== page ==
Five Challenge Cup moments 2012
It has been a chaotic week for rugby league. Amongst the billion dollar contracts, Channel Nine moaning and face-palm inducing State of Origin appointments, though, there is one event that shouldn’t be overlooked.
I’m talking of course about the 2012 Challenge Cup
As it does every year, this year’s final between Warrington Wolves and Leeds Rhinos had its fair share of drama, excitement, and dodgy English weather.
I was fortunate to be on hand to experience it all.
Here are the five pivotal moments that made the game, and my first visit to Wembley, so memorable:
1. Abide With Me
Unlike the relatively new concept of the ESL grand final, the Challenge Cup final is an event with more tradition than South Sydney and hating Manly combined.
To honour this, the pre-game entertainment takes on a more historic flavour than the usual thundersticks, mascot races and judges from The Voice consigning your favourite songs to cruel, unusual deaths.
The highlight of this is the performance of Abide by Me, the tradition Wembley Stadium anthem that has been sung before the Challenge Cup Final since the 1920s.
Whilst singing a Christian hymn prior to eighty minutes of refrigerator-sized men running over the top of one another may seem an odd concept to some, it is a spine-tingling moment when shared with almost eighty thousand people.
Each member of the crowd belts it out as though Jesus and his twelve apostles were about to take the field and have a run for the trophy.
It may not feature Tina Turner or beefy blokes running up the harbour bridge, but I would encourage all rugby league fans to give it a listen at some stage.
2. The Heavens Open
Twenty minutes into the contest and the scores were locked at six-all, courtesy of tries to our Warrington pal Joel Monaghan and Leeds’ Ian Kirke.
Warrington had had the better of the early stages, but Leeds had fought back hard to bring themselves back into contention.
And that’s when nature decided to throw us all a curve ball.
A storm produced by days of unnaturally-warm London weather erupted over Wembley, lashing the field with torrents of rain and turning the field into a melted ice-rink.
Not able to play their quick-passing style of play, Warrington began to falter badly, and it was Leeds who grabbed the ascendancy.
Within five minutes the Wolves’ frustration boiled over, causing Paul Wood to do his best Brett White impersonation and plant one on Carl “40/20” Ablett’s jaw, allowing Kevin Sinfield to slot an easy penalty and give the Rhinos the lead.
As if rubbing it in the rain continued to thunder down, though bizarrely only at the end where the Warrington supports were seated, leaving them to flee for the upper levels whilst the Leeds fans were singing in perfect comfort.
3. Delaney’s No Try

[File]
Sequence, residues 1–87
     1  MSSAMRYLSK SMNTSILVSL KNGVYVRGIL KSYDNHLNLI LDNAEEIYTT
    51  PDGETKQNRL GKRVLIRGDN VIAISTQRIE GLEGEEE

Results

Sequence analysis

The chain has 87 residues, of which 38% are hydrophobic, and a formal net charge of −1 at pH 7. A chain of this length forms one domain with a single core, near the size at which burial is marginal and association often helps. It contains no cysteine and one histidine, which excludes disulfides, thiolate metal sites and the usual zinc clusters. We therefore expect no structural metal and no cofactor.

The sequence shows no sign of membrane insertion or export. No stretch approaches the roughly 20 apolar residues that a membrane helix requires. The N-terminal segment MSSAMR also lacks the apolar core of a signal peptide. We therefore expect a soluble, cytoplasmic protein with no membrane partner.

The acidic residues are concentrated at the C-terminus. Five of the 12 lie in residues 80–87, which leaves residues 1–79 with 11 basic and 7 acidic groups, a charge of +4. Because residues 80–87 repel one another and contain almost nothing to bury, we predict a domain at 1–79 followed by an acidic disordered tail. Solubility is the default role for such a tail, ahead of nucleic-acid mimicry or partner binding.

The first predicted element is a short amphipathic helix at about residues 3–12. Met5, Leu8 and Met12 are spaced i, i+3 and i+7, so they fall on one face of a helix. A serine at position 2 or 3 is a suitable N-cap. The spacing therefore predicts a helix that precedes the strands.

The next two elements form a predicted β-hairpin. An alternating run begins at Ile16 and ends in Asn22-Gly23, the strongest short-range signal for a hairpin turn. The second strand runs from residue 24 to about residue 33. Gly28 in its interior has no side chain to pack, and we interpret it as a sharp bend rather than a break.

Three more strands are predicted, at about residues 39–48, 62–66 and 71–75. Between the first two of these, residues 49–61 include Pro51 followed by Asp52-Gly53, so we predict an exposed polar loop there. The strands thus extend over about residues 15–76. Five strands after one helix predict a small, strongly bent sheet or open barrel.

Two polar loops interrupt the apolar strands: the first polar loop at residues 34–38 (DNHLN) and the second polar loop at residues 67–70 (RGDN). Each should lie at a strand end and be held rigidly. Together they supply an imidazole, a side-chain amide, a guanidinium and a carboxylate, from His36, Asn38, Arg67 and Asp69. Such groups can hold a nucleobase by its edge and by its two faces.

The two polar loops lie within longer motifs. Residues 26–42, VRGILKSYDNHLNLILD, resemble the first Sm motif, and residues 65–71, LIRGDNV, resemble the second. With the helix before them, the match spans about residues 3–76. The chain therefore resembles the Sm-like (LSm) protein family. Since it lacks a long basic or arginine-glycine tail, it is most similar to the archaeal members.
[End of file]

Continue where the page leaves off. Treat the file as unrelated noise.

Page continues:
By half-time Warrington had regained the lead, going into the sheds 12-10 ahead.
Only three minutes into the second half, though, that appeared to be gone.
Not content with just being ridiculously smashed in big games in Australia, Brett Hodgson was belted by the shoulder of Kylie Leuluai’s shoulder.
That allowed Leeds’ Brett Delaney to swoop in and do what he does best (ie: run in a straight line without ever thinking of passing) and score a try.
After a plethora of looks by a video ref, who must be a blood relative or secret lover of Russell Smith, however, a double knock-on was called, and Leeds were denied the, er, lead.
The moment proved to be a huge turning point, and at the end of the day, the closest the Rhinos would get to the silverware.
4. Wire on Fire
Having survived a scare, and with the weather looking decidedly less grim, Warrington went back to their natural game rather than playing like thirteen Frank Spencer clones.
It was a move that paid near-immediate dividends.
In a ten minute space between minutes fifty and sixty, the Wolves stormed over for three tries, with Chris Riley, Ryan Atkins and Tyrone McCarthy all grabbing four-pointers and leaving the Leeds’ defence looking more exposed than Prince Harry on vacation.
Suddenly, a game that had been a genuine arm wrestle was turning into a bloodbath.
Kallum Watkins managed to grab back a try in the sixty-ninth minute for Leeds, but it proved to be too little, too late.
5. Hodgo’s Place in the Sun
With six minutes remaining and a fifteen point lead in their favour Warrington had the game wrapped up, but that didn’t mean that they were ready to put the cue back in the rack.
Getting ready to party like it was 2005, it was Warrington veteran and everyone’s favourite ragdoll Brett Hodgson who dummied, stepped, and slid his way over the tryline, adding to the four goals that he had already kicked.
As though it were pre-ordained, the end of the field filled with Warrington fans – which an hour ago had been more wet and miserable than the Australian Olympic swim team – was now bathed in glorious sunshine, every one of them chanting for Hodgo while his jubilant team mates swamped him.
A few minutes later he would be announced as the Lance Todd man of the match, and be a very happy Magpie indeed.